Colorado Sports Betting History: New Laws the Product of Almost 200 Years of Progress

Rich Allen explores Colorado’s betting history as sports are about to return to a newly licensed online betting state.

With the imminent returns of several major sports, albeit none likely within Colorado’s pseudo-rectangular borders for the foreseeable future, sports betting will finally get its shot in the Centennial State. 

Soon, Coloradans will get the chance to sit in front of their TV or, in a limited and socially-responsible fashion, at their favorite sports bar, phone in hand, and wage their sports wits for profit. It will be a breath of relief, accomplishment and reflection. The road to this point will have been one full of twists, turns and roadblocks. A destination hundreds of years in the making.

When settlers began making their way to Colorado en masse and popping up mining towns in the 1800s, they brought casinos with them. The area has some claim to the beginning of the casino industry in the U.S.: Brown’s Saloon opened in 1822 in what was then known as Brown’s Hole, a valley that reaches into Colorado, Wyoming and Utah. Both Wyoming and Colorado have laid claim to Brown’s Saloon, but neither state existed during the casino’s run. 

The likes of Butch Cassidy and Doc Holliday found their way through places like Brown’s Hole, bringing along the mayhem that they were synonymous with. As societal structure developed, it took the anarchy away, and gambling, at least legal variations of it, disappeared.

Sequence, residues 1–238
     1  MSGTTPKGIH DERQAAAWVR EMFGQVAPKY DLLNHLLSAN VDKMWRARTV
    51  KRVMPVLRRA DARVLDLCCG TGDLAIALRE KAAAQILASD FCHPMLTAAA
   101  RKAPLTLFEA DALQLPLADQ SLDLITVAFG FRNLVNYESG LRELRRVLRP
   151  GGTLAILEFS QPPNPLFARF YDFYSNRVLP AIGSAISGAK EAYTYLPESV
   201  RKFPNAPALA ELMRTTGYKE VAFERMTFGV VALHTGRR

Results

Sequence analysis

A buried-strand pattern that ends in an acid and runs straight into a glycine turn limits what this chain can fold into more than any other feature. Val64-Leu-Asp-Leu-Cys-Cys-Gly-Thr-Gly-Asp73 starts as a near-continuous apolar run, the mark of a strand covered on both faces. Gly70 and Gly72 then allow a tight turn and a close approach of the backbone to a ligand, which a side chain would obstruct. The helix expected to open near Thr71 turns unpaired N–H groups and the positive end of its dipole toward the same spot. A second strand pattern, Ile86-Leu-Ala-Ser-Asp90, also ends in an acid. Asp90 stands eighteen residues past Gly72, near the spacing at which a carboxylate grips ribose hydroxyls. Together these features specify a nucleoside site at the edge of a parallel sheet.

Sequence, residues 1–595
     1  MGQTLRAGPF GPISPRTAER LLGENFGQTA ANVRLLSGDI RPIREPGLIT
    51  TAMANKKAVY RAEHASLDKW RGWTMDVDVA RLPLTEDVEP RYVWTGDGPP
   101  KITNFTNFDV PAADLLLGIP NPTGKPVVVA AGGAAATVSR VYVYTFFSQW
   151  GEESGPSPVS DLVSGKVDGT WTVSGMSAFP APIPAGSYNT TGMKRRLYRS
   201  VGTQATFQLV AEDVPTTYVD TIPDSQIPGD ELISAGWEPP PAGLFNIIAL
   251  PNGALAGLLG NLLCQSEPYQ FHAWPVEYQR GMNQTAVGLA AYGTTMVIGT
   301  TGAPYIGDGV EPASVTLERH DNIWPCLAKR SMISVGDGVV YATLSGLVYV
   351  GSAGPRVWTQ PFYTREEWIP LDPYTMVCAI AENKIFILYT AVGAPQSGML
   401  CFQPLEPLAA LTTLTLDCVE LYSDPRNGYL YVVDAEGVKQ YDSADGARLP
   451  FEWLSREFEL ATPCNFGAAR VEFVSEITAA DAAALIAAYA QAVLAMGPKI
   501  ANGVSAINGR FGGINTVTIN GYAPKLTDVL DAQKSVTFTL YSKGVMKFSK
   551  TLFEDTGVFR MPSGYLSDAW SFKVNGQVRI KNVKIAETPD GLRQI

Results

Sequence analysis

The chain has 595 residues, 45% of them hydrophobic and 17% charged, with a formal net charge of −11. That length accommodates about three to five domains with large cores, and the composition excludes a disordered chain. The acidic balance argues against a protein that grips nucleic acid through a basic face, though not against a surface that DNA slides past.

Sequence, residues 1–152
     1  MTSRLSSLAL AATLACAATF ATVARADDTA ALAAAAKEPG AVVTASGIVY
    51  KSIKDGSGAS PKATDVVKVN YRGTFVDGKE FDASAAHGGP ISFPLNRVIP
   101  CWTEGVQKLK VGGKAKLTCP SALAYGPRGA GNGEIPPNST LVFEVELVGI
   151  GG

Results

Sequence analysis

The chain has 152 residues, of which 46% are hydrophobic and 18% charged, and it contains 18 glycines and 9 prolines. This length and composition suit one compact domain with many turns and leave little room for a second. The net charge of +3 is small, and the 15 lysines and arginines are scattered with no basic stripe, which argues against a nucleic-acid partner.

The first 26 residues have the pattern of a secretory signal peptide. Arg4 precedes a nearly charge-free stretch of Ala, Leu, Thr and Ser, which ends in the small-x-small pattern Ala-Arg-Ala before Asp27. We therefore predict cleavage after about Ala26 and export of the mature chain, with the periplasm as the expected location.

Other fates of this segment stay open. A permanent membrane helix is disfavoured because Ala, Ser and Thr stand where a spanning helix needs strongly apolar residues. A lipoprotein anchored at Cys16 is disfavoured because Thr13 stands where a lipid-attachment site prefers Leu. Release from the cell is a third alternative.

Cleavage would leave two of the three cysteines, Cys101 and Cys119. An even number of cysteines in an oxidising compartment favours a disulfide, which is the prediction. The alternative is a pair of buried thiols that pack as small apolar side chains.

Sports betting led the way for its return.

In 1947 the state passed a tax on pari-mutuel wagering for greyhound and horse racing, beating out the legalization of casino gambling by 44 years. A three-person racing commission was established, and Colorado was set for its first legal bets to be made. Within the next few years, Colorado’s first major racing venues opened up and gambling dollars started changing hands.

Greyhound tracks were the first out of the gates. Both the Pueblo Greyhound Park and Mile High Kennel Club opened their doors in 1949. The latter of which, opening in Commerce City, became a main attraction in Denver. It eventually gained the affectionate nickname “The Big Store,” housing more than 13,000 occupants, on occasion filling more seats than the Denver Broncos would in football’s early days in Denver. At times, the Kennel Club exchanged more than $1 million for single events. 

As many as five greyhound racing tracks were in operation at the same time during the sport’s peak, dotting the front range from Pueblo to the Cloverleaf Greyhound Park in Loveland. According to The Denver Post, the state saw more than $58 million wagered at Mile High alone in 1982. 

The Big Store’s horse racing counterpart, however, did not flourish in the same way. Colorado’s supposed premier horse racing track, the Centennial Racing Track, opened in 1950 in Littleton, south of downtown Denver. It was touted by its ownership as the “Santa Anita of the Rockies,” in an attempt to draw a comparison to the famous track in California.